Guns on Campus? Texas Legislator Files Bill Letting Schools Offer Gun-Training Courses to Kids During School Day
"Looking at the components of the bill, it's basic firearm safety," said Larry Hysmith, program specialist for Texas 4H, which currently offers extracurricular firearm training for similar age groups. Added Chris Boleman, Texas 4H's program director: "Education is critically important to what we do, and if this happens in schools, then you can kind of compare it to our relationship with FFA."
But public history courses already touch upon the Second Amendment. And numerous clubs and organizations -- 4H and Junior ROTC among the more notable -- already exist to train teenagers in proper firearm usage and maintenance.
Plus, for a public education system still reeling from the $5.4 billion cut in 2011, fiscal concerns and academic priorities still prevent wholesale support for such a firearm course.
"I understand the intent of the bill, but public policy is about priorities, and our priority in schools should be to make sure kids have basic information they need to be successful adults," said Rep. Gene Wu. "We should be devoting our funds to kids actually passing the STARR test, or to hiring back the teachers we let go."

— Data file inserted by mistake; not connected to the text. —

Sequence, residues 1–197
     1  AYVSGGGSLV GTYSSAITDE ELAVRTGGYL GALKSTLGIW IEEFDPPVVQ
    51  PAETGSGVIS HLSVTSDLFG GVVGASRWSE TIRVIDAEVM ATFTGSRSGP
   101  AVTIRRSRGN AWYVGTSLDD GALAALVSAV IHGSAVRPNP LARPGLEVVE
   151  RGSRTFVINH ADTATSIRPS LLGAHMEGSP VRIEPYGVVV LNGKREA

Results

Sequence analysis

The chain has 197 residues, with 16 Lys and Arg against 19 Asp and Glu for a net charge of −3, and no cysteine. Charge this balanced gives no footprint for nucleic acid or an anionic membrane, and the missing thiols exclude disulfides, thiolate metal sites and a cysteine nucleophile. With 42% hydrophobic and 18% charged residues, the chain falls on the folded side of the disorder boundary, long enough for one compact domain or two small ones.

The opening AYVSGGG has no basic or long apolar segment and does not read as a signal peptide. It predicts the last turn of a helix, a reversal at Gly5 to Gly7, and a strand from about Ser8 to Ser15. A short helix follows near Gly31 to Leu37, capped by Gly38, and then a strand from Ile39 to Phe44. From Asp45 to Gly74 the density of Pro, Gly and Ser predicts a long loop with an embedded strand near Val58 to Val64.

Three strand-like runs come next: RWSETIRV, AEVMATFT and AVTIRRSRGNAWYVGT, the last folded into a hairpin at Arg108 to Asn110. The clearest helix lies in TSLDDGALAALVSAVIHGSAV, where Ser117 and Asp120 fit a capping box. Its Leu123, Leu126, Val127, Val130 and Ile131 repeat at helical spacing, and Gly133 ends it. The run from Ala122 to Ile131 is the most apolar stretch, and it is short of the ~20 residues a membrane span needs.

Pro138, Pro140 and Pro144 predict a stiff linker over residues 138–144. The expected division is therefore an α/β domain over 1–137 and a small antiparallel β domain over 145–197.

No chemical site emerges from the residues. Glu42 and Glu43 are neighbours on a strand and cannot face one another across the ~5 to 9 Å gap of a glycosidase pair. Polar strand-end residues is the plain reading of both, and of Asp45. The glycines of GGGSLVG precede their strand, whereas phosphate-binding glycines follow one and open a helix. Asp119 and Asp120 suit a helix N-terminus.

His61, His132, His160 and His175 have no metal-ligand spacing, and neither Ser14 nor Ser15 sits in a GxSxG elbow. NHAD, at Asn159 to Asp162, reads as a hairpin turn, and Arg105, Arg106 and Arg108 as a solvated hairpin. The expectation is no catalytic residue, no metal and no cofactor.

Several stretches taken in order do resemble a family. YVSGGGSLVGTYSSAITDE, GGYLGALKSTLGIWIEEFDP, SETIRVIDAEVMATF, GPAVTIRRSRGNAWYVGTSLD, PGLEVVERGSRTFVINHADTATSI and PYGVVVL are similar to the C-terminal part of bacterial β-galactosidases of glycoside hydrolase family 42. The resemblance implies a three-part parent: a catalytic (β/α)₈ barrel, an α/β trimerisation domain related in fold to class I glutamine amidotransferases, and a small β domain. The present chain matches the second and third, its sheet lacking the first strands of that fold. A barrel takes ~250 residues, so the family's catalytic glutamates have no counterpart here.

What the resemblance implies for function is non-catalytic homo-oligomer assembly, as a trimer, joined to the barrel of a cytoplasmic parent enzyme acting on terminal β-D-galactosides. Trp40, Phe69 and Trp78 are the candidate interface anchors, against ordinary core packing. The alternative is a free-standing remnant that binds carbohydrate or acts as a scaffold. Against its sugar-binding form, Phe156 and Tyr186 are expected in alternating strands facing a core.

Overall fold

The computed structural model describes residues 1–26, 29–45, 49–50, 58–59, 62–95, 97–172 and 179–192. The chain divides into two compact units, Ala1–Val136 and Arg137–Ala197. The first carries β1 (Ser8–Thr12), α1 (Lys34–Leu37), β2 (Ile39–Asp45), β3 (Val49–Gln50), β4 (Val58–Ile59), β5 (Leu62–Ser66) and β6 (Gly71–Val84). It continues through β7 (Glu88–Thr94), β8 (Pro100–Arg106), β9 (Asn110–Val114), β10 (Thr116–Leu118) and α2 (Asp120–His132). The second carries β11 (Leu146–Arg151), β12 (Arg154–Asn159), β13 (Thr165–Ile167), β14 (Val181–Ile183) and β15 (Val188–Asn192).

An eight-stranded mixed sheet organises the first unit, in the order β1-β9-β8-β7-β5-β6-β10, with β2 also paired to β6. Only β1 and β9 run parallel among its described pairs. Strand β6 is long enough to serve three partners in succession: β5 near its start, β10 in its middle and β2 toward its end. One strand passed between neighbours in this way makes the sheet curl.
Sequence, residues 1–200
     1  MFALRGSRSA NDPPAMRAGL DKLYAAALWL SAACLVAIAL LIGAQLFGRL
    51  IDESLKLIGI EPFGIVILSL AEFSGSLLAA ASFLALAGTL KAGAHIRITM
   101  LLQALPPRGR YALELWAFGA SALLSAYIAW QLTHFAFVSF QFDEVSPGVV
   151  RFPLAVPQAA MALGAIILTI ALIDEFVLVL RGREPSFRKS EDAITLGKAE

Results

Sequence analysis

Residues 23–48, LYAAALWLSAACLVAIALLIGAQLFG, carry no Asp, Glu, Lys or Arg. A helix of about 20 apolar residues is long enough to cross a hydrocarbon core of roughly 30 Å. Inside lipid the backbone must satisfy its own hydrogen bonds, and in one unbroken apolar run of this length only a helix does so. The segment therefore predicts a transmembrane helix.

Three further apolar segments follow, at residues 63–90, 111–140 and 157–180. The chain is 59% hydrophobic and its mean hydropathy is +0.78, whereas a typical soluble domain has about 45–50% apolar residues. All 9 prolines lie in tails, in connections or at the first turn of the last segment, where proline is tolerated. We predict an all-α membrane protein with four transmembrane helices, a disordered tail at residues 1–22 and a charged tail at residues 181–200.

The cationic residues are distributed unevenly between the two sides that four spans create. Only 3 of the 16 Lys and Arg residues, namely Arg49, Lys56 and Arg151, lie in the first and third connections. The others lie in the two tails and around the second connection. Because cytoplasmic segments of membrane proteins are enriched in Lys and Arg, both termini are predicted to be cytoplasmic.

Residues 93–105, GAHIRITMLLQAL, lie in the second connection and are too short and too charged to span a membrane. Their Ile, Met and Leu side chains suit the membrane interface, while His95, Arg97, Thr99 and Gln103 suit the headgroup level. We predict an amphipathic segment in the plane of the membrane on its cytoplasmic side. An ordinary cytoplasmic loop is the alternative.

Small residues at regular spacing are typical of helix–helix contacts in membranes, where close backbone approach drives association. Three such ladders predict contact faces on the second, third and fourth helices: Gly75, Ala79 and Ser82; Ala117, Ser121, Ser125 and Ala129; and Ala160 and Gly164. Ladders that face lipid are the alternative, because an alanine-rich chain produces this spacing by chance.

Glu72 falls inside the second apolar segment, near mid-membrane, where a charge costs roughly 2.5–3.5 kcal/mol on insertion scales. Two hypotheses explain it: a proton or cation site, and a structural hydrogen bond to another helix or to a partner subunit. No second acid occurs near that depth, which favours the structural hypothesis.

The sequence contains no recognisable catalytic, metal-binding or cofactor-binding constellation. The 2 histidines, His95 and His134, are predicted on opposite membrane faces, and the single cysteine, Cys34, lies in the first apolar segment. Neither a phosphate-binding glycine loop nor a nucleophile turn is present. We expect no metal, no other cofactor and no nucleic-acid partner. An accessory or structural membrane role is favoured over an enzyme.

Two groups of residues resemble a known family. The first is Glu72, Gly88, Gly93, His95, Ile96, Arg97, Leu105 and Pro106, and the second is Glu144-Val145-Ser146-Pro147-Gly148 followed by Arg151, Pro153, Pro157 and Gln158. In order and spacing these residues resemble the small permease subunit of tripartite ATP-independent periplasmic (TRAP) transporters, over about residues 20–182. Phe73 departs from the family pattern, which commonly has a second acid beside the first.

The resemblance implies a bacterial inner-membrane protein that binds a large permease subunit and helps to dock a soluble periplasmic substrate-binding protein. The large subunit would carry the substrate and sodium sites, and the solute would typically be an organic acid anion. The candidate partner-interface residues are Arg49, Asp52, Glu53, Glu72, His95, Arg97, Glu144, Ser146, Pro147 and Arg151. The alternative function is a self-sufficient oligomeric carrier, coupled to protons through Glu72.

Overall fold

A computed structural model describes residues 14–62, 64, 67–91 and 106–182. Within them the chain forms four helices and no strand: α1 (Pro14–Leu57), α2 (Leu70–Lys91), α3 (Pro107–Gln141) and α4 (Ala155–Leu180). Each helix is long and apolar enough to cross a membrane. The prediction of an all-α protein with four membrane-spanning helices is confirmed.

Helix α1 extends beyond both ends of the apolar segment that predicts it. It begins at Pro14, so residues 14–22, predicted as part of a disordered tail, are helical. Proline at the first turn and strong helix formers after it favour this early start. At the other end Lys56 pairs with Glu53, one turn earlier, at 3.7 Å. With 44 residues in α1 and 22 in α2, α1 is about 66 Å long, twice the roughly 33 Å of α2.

And then, there's the issue that everyone acknowledges, but no one quite knows how to explicate, or examine. It's apparent that these students -- these hormonal 15- and 16-year-olds, suffering slights both romantic and social for the first times -- will be handling deadly weaponry, surrounded by social circles and pressures unknown to both instructors and parents. And that's, really, the crux of the issue. That, suddenly, these students aren't simply nursing grudges and bruises and social revenge -- with this course, and regardless of how much instruction and precaution the trained teachers offer, these students are handling weapons that schools have spent decades attempting to eradicate from their premises.
But that may be a bridge yet to cross. In the interim, this bill seems to have gained traction, at least among those around Houston. Firearm training cannot be overemphasized -- and for some, that training should begin during the most grueling, formative years of our lives.
"I love the spirit of this bill," said Mobley. "[You have] to expose young people to the harsh realities of firearms -- you have to expose them to the harsh realities to driving a car, to the harsh realities of life. ... I'd like to hammer out the details, but I like the first version of this thing. We're going in the right direction."